In terms of the maximum velocity of the reaction, or Vmax, recall the Michaelis Menten saturation curve shown in Figure 1. The question for any inhibition in terms of this curve is at extremely high substrate concentrations, is the inhibitor going to affect the maximum reaction velocity? In terms of competitive inhibition, the answer is no. It does not affect Vmax. When there is more substrate then inhibitor present, the substrate will outcompete the inhibitor for the active site of the enzyme. Therefore, increasing the substrate concentration is a way to overcome competitive inhibition and reach the maximum target velocity. However, what changes is the substrate concentration needed to reach the maximum velocity in the presence of a competitive inhibitor. With a competitive inhibitor present, the amount of substrate needed to reach Vmax is much greater than without the inhibitor.
Another type of enzyme inhibition is known as uncompetitive enzyme inhibition. In uncompetitive inhibition, the inhibitor does not directly compete with the substrate to bind the enzyme. The uncompetitive inhibitor cannot even bind directly to the enzyme itself. Instead, it can only bind to the enzyme-substrate complex [ES]. When it binds, it forms an enzyme-substrate-inhibitor complex, which, like in competitive inhibition, cannot react, and the reaction, therefore, is unable to proceed. Also, the uncompetitive inhibitor, unlike the competitive inhibitor, does not bind to the enzyme’s active site. It binds to a site other than the active site. In scientific terms, this site is known as the allosteric site.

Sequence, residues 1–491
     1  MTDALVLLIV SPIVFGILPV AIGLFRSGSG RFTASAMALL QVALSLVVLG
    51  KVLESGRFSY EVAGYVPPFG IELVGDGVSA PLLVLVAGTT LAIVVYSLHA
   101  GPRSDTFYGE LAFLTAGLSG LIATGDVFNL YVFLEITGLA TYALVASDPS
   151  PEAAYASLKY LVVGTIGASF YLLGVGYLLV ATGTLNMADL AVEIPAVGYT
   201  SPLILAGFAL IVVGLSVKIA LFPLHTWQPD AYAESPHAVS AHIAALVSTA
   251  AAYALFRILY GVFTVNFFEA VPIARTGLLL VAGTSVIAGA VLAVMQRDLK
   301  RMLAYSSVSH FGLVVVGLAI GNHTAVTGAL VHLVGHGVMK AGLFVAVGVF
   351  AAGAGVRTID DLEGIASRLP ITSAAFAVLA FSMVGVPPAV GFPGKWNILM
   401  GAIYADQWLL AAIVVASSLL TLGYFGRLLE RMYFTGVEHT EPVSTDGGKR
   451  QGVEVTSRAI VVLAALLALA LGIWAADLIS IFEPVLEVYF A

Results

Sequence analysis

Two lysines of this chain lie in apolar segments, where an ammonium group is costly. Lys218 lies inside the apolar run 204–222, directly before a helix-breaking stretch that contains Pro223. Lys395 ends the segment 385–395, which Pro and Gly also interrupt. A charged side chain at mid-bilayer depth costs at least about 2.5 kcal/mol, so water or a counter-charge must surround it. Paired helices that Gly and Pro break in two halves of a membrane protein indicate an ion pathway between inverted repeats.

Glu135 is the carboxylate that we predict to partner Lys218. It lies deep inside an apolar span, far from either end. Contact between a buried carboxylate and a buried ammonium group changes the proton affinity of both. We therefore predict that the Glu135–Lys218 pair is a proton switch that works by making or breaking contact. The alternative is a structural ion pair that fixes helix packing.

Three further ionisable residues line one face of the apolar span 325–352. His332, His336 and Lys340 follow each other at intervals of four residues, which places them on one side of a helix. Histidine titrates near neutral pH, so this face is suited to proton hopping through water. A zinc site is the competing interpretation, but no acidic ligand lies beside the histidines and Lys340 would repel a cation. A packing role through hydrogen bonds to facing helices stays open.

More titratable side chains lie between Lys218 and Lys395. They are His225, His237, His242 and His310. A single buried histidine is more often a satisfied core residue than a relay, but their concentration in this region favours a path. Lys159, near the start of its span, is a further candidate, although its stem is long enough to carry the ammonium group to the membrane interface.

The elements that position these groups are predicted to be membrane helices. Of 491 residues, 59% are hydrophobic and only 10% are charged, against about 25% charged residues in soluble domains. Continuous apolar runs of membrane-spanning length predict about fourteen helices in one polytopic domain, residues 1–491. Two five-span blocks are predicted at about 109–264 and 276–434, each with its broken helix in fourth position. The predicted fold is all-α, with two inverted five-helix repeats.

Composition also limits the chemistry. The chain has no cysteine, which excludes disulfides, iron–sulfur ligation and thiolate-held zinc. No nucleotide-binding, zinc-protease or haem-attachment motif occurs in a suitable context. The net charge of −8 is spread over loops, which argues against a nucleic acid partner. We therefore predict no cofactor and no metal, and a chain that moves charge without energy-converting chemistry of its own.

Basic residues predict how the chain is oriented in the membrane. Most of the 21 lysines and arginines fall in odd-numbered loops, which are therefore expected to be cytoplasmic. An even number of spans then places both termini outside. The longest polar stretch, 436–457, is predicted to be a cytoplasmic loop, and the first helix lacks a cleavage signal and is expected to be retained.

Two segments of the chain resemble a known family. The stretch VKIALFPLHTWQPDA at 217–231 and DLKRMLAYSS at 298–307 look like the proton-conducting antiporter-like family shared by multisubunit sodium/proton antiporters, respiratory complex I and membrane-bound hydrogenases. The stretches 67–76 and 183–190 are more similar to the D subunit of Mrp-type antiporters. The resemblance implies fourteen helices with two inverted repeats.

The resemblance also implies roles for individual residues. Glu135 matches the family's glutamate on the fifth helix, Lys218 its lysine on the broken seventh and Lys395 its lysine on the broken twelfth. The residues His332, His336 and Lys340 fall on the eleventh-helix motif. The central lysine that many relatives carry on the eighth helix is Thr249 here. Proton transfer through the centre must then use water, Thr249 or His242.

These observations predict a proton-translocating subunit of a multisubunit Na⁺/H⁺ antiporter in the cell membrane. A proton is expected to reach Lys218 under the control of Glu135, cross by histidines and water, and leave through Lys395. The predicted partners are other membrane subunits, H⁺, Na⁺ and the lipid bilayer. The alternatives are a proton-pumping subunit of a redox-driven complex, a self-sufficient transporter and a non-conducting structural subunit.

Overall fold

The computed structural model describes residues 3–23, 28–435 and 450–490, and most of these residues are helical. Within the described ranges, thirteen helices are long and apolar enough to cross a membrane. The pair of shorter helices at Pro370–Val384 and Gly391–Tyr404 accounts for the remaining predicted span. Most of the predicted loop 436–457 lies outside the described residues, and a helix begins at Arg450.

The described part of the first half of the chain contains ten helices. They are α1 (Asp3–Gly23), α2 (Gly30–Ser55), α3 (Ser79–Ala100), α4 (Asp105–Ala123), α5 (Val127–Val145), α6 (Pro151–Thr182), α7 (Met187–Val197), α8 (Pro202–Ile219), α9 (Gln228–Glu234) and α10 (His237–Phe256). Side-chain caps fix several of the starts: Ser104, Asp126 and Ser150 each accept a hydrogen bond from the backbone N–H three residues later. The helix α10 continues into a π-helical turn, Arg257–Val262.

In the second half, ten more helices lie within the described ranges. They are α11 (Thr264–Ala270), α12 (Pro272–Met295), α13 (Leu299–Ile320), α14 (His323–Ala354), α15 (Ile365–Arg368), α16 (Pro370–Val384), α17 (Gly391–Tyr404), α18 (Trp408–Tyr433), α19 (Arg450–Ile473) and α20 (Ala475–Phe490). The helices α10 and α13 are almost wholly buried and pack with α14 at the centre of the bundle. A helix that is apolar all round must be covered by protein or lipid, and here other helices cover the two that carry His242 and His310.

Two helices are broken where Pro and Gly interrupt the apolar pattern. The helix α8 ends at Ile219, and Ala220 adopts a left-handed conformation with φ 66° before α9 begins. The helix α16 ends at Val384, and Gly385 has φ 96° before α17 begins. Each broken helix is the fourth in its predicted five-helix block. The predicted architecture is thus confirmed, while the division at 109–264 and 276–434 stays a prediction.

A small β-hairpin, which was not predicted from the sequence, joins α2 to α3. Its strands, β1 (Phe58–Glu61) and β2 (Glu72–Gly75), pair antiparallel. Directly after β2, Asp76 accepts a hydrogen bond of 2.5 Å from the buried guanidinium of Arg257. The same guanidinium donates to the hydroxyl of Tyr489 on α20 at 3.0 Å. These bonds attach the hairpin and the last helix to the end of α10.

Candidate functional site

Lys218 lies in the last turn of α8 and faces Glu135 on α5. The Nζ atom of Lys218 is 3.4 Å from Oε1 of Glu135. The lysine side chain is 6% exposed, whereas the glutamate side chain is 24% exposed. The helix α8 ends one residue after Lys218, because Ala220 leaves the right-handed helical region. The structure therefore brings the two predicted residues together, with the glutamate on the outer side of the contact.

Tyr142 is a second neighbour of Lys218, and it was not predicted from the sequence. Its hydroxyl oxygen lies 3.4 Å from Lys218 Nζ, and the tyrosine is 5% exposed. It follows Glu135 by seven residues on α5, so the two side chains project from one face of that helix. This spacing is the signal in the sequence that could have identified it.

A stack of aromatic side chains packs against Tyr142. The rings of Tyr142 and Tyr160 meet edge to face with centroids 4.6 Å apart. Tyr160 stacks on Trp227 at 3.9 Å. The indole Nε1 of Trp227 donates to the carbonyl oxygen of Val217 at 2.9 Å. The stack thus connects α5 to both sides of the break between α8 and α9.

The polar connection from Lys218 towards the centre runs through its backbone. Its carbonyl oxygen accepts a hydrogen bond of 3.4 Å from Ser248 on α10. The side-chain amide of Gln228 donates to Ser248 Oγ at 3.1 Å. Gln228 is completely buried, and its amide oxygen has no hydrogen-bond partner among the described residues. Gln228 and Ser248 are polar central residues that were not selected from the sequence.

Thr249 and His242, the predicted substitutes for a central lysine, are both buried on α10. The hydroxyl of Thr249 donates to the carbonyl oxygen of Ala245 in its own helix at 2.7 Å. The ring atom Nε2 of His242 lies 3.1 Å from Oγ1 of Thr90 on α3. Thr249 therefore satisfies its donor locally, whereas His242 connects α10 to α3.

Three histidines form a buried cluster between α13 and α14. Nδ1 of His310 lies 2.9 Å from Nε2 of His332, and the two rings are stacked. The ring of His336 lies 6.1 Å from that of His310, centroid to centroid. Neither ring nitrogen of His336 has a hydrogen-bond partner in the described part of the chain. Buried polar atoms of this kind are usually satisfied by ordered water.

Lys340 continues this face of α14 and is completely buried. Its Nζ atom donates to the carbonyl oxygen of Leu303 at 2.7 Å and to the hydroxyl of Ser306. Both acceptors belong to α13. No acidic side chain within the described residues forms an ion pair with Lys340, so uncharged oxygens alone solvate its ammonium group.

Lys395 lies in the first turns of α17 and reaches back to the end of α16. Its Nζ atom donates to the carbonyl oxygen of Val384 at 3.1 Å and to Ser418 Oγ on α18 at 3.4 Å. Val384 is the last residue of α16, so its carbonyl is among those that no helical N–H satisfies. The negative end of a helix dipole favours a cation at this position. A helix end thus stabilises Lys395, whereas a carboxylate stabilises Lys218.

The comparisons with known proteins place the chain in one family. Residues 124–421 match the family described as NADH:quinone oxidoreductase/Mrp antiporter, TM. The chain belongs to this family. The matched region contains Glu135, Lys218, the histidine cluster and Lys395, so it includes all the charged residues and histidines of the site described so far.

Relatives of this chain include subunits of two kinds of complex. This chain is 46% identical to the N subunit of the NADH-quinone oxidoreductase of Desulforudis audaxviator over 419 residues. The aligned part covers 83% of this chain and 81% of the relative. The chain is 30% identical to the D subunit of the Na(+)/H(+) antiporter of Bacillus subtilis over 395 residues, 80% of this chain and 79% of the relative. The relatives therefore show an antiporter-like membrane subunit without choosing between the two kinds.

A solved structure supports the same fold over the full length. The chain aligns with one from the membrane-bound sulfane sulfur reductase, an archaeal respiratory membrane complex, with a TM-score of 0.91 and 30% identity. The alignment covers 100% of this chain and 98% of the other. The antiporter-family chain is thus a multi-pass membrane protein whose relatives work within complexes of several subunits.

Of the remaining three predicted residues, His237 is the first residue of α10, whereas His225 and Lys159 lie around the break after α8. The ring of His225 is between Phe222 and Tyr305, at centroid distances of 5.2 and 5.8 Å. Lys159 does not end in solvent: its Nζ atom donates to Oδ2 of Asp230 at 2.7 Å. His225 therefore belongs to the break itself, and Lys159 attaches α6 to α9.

In terms of KM, recall that it is inversely related to the affinity of the enzyme for the substrate. When an uncompetitive inhibitor is added, the enzyme-substrate complex will still form with the inhibitor bound to it. In this way, the concentration of enzyme [E] and substrate [S] are being used up in the reaction and will decrease overall. Therefore, the whole Michaelis-Menten saturation curve will shift to the right, which will result in more enzyme binding to the substrate. In other words, the inhibitor artificially increases the affinity of the enzyme for the substrate by combining the two with the inhibitor. As a result, then, the enzyme’s affinity for the substrate increases, which means the KM is going to decrease.
In terms of the Vmax, unlike in competitive inhibition, using extremely high substrate concentrations is unable to overcome an uncompetitive inhibitor. Adding more substrate to the reaction will result in the formation of more enzyme-substrate complexes. The enzyme-substrate complex is precisely what an uncompetitive inhibitor wants to bind. Therefore, in uncompetitive inhibition, the Vmax decreases.